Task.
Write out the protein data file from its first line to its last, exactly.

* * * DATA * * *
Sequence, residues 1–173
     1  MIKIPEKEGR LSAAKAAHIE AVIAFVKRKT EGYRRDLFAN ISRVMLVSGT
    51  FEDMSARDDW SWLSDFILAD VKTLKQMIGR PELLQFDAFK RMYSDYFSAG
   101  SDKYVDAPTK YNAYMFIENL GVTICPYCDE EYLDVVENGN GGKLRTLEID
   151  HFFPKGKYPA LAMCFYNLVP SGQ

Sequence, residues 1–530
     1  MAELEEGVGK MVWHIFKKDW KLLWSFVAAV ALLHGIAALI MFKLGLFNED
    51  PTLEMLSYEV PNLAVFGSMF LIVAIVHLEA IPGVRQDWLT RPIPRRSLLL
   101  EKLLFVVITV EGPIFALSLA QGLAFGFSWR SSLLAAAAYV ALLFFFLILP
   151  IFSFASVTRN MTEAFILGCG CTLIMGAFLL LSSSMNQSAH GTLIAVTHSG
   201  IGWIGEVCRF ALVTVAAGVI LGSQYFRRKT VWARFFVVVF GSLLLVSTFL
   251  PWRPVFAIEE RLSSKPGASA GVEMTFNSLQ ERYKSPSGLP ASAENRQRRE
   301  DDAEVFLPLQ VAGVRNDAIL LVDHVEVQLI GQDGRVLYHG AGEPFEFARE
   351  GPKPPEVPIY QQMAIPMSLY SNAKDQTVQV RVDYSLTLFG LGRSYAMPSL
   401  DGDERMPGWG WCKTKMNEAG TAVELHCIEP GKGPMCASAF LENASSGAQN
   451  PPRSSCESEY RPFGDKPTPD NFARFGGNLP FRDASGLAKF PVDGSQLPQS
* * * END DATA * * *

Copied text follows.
Sequence, residues 1–173
     1  MIKIPEKEGR LSAAKAAHIE AVIAFVKRKT EGYRRDLFAN ISRVMLVSGT
    51  FEDMSARDDW SWLSDFILAD VKTLKQMIGR PELLQFDAFK RMYSDYFSAG
   101  SDKYVDAPTK YNAYMFIENL GVTICPYCDE EYLDVVENGN GGKLRTLEID
   151  HFFPKGKYPA LAMCFYNLVP SGQ

Sequence, residues 1–530
     1  MAELEEGVGK MVWHIFKKDW KLLWSFVAAV ALLHGIAALI MFKLGLFNED
    51  PTLEMLSYEV PNLAVFGSMF LIVAIVHLEA IPGVRQDWLT RPIPRRSLLL
   101  EKLLFVVITV EGPIFALSLA QGLAFGFSWR SSLLAAAAYV ALLFFFLILP
   151  IFSFASVTRN MTEAFILGCG CTLIMGAFLL LSSSMNQSAH GTLIAVTHSG
   201  IGWIGEVCRF ALVTVAAGVI LGSQYFRRKT VWARFFVVVF GSLLLVSTFL
   251  PWRPVFAIEE RLSSKPGASA GVEMTFNSLQ ERYKSPSGLP ASAENRQRRE
   301  DDAEVFLPLQ VAGVRNDAIL LVDHVEVQLI GQDGRVLYHG AGEPFEFARE
   351  GPKPPEVPIY QQMAIPMSLY SNAKDQTVQV RVDYSLTLFG LGRSYAMPSL
   401  DGDERMPGWG WCKTKMNEAG TAVELHCIEP GKGPMCASAF LENASSGAQN
   451  PPRSSCESEY RPFGDKPTPD NFARFGGNLP FRDASGLAKF PVDGSQLPQS